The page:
The Difference Between a Good Teacher and a Bad Teacher

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The Good, the Bad, and the Teachers
“Every kid starts out as a natural-born scientist, and then we beat it out of them. A few trickle through the system with their wonder and enthusiasm for science intact.” —Carl Sagan
Did you know? America used to produce a 5-cent bill... A hummingbird weighs less than a penny... A jellyfish is 95% water... Giraffes have no vocal cords... The penguin is the only bird that can swim, but not fly... There are 293 ways to make change to a dollar... You're born with 300 bones, but when you get to be an adult, you only have 206... Apple seeds contain cyanide and it only takes 1 cup of seeds to kill an adult... You're more likely to get stung by a bee on a windy day than in any other weather... And the ellipsis is the most overused punctuation mark in English...
If any of that has sparked even a little bit of interest in you for even a jiffy (A jiffy is the time it takes for light to travel one centimeter in a vacuum, about 33.35 picoseconds), then your inner desire to learn has not been fully quenched. That means you've made it through the rigors of public, or private, education mostly intact; however, many do not unfortunately. From young ages into college years, it sometimes only takes a single bad teacher to neutralize the constantly absorbing, sponge-like mind we enter this world with. Extinguishing our burning desire, as a human, to gain knowledge. Experiencing a bad teacher is all it takes to stop something that may have interested us, such as creative writing, history, or math, and we would never give those subjects a second chance, closing a door to our life that may have otherwise been opened further.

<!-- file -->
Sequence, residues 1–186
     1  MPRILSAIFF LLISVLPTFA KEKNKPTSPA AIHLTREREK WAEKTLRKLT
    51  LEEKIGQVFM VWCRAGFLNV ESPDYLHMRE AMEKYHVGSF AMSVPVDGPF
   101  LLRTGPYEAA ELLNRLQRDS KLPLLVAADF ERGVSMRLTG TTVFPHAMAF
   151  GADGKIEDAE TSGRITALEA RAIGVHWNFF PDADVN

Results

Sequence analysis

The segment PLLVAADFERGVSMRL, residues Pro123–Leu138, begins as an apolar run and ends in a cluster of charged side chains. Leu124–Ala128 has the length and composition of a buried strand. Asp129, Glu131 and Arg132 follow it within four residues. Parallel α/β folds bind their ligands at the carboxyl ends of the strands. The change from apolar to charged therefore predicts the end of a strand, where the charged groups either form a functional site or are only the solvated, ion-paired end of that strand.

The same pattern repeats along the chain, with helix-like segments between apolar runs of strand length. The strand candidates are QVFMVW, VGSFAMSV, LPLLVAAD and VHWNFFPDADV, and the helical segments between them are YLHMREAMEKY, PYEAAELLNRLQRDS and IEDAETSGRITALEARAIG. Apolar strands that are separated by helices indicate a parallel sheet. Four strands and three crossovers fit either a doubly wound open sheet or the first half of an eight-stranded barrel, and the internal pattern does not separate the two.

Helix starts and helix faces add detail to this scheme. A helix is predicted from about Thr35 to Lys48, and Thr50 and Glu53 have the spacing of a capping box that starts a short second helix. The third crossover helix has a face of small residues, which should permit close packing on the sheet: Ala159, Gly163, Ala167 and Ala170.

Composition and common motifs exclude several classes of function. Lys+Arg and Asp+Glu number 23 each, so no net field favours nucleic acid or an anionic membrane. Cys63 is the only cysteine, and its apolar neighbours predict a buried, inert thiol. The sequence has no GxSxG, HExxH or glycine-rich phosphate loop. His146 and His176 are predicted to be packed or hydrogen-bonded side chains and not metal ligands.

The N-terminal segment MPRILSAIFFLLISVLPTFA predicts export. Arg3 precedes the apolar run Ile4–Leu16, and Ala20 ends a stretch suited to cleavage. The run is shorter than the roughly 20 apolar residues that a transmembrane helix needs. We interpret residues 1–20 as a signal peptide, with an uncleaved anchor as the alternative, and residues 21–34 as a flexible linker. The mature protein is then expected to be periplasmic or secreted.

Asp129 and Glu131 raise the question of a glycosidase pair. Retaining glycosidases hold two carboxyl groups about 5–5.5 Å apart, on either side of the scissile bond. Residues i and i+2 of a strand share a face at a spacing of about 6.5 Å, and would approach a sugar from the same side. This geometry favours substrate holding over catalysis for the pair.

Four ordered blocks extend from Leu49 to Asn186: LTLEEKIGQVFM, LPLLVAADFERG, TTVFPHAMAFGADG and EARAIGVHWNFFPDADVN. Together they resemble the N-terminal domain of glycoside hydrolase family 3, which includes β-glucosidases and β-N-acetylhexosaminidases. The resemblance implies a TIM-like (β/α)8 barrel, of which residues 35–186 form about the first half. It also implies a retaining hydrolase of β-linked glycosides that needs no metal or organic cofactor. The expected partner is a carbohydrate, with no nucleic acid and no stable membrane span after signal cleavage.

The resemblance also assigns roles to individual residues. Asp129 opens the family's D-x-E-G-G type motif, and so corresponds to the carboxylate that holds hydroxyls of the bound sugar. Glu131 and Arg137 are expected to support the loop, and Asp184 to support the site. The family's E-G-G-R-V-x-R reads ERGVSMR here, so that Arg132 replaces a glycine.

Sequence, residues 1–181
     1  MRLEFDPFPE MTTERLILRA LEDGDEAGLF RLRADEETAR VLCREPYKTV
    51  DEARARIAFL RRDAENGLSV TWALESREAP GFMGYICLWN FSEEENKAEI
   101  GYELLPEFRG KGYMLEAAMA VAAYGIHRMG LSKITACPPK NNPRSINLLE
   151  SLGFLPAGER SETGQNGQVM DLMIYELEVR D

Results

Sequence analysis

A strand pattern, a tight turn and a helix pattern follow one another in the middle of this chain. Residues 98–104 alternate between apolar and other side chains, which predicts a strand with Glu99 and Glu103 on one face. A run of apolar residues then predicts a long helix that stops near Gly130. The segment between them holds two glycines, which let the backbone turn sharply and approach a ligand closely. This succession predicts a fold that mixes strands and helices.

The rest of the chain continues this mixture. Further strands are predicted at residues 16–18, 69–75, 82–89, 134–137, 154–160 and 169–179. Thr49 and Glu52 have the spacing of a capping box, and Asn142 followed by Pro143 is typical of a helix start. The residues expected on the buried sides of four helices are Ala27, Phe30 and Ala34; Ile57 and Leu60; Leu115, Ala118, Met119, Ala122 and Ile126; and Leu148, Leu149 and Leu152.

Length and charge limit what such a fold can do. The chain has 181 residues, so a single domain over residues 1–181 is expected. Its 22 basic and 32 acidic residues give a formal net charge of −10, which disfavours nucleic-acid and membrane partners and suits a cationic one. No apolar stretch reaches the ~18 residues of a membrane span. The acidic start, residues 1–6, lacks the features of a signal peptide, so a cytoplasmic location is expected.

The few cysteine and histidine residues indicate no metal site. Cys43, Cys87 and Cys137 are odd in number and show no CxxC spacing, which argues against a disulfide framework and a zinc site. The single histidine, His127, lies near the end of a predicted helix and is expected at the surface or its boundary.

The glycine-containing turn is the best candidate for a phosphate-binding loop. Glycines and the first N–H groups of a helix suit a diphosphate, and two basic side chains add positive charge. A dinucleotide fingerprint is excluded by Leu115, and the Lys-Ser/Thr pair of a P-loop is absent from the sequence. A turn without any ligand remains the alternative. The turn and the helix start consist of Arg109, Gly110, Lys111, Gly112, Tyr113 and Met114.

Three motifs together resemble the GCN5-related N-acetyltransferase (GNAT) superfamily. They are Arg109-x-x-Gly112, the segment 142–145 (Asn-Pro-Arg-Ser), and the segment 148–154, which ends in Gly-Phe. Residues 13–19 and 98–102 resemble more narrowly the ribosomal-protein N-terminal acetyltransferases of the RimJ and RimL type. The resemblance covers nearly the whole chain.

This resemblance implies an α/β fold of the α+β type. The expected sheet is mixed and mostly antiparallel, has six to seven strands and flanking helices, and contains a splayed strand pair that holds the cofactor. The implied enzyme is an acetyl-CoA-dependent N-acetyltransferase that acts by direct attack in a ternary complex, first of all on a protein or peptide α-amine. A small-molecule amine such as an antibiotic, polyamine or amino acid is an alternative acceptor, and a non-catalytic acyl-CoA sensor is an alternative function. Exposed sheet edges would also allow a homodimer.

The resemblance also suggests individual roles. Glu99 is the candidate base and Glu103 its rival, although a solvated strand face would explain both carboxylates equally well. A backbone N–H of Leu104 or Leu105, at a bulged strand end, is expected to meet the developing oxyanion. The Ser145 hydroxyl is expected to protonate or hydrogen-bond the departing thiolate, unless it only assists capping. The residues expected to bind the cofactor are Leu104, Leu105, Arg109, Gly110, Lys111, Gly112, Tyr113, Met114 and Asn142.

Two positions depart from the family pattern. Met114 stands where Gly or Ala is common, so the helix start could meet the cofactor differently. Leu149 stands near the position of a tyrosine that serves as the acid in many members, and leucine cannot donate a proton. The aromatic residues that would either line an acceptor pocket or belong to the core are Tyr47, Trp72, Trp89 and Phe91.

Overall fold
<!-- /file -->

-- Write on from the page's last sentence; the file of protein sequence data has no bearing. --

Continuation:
For starters, what is a teacher? Well, a teacher is one of the single most importa...

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...ve the questions now. Perhaps then, someday far in the future, you will gradually, without even noticing it, live your way into the answer" (Rilke p. 34-35)
A teacher can make or break a student, and as a teacher, you will greatly impact someone's life for the better or for the worse. So teach with all your might. Teach with the same patience, respect, and enthusiasm as you would wish upon yourself. And remember, “If you can't explain it to a six year old, you don't understand it yourself.” ― Albert Einstein

Works Cited

Palmer, Parker. (1999). "The Grace of Great Things: Reclaiming the Sacred in Knowing, Teaching, and Learning." In The Heart of Knowing: Spirituality in Education. Ed. Stephen Glazer. NY: Jeremy P. Tarcher/Putnam.
Rilke, Rainer Maria, Franz Xaver Kappus, and Stephen Mitchell. Letters to a Young Poet. p 34- 35 New York: Vintage, 1986. Print.
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